Here's a quick monitor of Washington farm and trade policy issues from DTN's well-placed observer.
Legislative Action on Trump's Trade Powers Could Go Forward: Brady
Support is likely to increase in Congress for lawmakers to take action relative to the recent trade actions by the Trump administration, according to House Ways & Means Chairman Kevin Brady, R., Texas.
"As these tariffs continue to ramp up and escalate, I think there will be growing momentum for a legislative response or solution unless the administration frankly tackles three things well," Brady told reporters.
Those three goals, he noted, include avoiding a legislative response, but the Trump administration needs to take the first step of laying out a clear timetable for resolving trade issues with China. Second, the Commerce Department needs to fix the "broken" exclusion process put in place to allow companies to appeal for relief from tariffs on steel and aluminum. Finally, Brady said there needs to be a better process for exempting countries from tariffs on steel and aluminum and possibly other goods.
The Senate recently passed a largely symbolic motion that instructed lawmakers to recognize Congress' role on trade policy.
Iowa Lawmakers Keep Up Focus on RFS In Letter To Wheeler
Iowa's congressional delegation are urging acting EPA Administrator Andrew Wheeler to address two areas of the Renewable Fuel Standard (RFS): Changing the proposed levels for 2019 biofuels (and 2020 biodiesel) to account for the small refiner waivers and making sales of E15 possible year-round.
EPA did not propose accounting for the small refiner waivers granted in 2016 and 2017 when it published its proposed RFS levels, and the Iowa lawmakers said Wheeler needs to "reconsider the proposed rule and work to ensure the final rule is structured to ensure that waivers granted to not reduce the overall Renewable Volume Obligations."
The lawmakers also invited Wheeler to visit Iowa.
Washington Insider: Trade War Bureaucracy
While the several rounds of international meetings in the last few days have dominated the press, yet another development is being highlighted in some areas. For example, Bloomberg says the administration earlier argued that trade wars were easy—but efforts to equitably grant relief from new tariffs to those who qualify is leading to widespread criticism.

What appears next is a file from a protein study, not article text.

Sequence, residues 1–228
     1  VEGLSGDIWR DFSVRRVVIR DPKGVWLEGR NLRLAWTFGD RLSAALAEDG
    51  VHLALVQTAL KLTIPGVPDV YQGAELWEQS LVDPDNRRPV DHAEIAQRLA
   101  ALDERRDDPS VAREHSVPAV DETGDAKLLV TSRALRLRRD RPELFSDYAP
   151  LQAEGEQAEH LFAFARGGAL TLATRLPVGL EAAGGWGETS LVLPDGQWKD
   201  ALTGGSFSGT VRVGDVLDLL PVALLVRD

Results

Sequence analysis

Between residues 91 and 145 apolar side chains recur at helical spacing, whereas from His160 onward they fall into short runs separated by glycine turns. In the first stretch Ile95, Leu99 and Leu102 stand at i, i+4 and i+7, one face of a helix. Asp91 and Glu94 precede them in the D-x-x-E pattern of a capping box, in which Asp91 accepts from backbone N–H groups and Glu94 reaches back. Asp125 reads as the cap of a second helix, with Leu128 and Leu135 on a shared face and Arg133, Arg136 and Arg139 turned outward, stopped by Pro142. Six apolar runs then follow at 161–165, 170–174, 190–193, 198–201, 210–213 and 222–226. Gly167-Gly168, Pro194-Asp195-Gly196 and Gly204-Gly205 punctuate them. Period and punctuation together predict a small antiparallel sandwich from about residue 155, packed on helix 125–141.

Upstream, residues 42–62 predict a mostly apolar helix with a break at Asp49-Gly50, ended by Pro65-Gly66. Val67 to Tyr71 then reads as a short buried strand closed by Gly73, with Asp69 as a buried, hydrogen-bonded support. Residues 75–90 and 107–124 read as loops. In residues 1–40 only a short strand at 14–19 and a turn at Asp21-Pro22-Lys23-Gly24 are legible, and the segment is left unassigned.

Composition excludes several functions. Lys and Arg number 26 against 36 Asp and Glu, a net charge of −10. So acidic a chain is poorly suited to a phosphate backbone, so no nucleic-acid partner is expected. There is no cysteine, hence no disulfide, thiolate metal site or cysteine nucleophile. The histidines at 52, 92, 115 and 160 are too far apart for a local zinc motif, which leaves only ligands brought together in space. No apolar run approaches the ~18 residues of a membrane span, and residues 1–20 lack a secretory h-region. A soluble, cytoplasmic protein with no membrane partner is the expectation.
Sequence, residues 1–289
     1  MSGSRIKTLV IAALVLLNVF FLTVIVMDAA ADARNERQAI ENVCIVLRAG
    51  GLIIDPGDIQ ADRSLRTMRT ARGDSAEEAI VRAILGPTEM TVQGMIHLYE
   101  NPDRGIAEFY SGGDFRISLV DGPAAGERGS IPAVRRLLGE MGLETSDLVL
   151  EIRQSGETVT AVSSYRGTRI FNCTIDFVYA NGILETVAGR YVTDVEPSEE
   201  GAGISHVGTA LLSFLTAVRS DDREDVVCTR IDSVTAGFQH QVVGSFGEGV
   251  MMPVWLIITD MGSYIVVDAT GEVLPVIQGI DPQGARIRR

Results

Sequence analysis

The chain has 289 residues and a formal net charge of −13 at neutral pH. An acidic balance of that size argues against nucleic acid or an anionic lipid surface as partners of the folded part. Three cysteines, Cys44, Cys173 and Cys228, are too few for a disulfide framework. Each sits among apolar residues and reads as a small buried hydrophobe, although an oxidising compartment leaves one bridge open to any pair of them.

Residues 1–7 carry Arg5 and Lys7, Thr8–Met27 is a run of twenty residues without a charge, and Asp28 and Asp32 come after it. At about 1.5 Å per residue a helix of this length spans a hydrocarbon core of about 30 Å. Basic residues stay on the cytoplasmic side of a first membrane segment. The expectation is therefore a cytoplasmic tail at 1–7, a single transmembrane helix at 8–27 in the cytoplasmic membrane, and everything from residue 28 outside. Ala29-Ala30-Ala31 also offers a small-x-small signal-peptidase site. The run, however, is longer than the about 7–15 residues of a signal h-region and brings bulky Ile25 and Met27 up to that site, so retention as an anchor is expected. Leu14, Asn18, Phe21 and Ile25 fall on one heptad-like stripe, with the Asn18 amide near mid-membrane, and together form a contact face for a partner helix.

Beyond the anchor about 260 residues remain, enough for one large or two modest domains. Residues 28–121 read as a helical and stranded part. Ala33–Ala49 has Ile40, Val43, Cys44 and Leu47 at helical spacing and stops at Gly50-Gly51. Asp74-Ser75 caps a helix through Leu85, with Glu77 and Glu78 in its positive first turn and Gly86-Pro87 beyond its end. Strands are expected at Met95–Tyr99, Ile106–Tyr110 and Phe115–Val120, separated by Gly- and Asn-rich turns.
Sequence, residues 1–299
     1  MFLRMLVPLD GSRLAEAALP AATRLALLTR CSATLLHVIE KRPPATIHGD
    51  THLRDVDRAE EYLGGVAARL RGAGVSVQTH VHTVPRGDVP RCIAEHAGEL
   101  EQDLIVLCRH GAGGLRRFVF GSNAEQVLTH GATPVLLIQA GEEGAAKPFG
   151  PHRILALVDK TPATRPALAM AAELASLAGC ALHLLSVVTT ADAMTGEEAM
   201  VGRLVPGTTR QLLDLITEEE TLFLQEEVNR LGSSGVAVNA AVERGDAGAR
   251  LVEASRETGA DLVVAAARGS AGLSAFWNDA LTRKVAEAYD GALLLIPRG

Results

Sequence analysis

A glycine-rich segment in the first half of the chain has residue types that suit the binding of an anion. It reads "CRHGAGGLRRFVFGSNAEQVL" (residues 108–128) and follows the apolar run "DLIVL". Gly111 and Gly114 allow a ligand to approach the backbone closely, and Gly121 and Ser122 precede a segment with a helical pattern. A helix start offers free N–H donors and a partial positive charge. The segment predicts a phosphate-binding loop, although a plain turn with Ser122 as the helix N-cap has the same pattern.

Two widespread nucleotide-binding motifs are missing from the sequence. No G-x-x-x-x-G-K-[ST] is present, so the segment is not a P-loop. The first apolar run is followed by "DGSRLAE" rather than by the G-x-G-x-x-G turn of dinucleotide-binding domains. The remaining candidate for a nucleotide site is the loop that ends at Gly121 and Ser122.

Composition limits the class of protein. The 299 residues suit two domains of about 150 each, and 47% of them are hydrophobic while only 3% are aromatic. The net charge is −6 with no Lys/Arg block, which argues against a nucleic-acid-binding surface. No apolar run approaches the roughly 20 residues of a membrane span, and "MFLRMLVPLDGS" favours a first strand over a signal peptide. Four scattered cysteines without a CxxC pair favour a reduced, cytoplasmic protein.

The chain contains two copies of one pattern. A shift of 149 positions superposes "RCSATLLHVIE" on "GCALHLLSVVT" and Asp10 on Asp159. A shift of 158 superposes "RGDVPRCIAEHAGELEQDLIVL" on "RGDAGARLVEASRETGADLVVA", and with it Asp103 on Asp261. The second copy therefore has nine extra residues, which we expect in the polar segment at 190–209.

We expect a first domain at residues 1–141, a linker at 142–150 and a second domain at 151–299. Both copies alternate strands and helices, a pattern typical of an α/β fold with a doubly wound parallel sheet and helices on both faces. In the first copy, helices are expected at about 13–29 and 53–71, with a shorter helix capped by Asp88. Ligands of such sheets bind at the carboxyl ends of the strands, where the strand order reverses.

Bloomberg highlighted the confusion and disappointment of one family-owned stainless steel manufacturer who says he must pay "several hundred thousand dollars" as the result of the administration's new tariffs and wonders why.
The Bloomberg report describes the position of a vice president of Stainless Imports Inc. and president of Sanitube LLC in Lakeland, Florida--one of the more than 40 initial U.S. companies whose requests for exemptions from tariffs on steel and aluminum imports were denied by the administration recently. The company was told its application was rejected for being incomplete, but says it had to wait almost three weeks for an answer about what was wrong and still has questions about the denial.
While more than 30 companies have had their requests for relief from the duties granted so far, some businesses that were rejected say they weren't given adequate consideration after other companies objected. Others are still trying to get a complete explanation for why they were turned down. They're weighing how to respond and deal with added costs from duties that the administration began to impose in March on national security grounds.
"[The President] is fighting this trade war with my money," a company official said. "It's a gut punch."
Companies can request exclusions from the duties if the imports they need are not produced in the required quantity or quality in the U.S. or for national-security considerations. More than 26,400 requests had been filed as of July 9, with 719 decisions so far, according to the Commerce Department.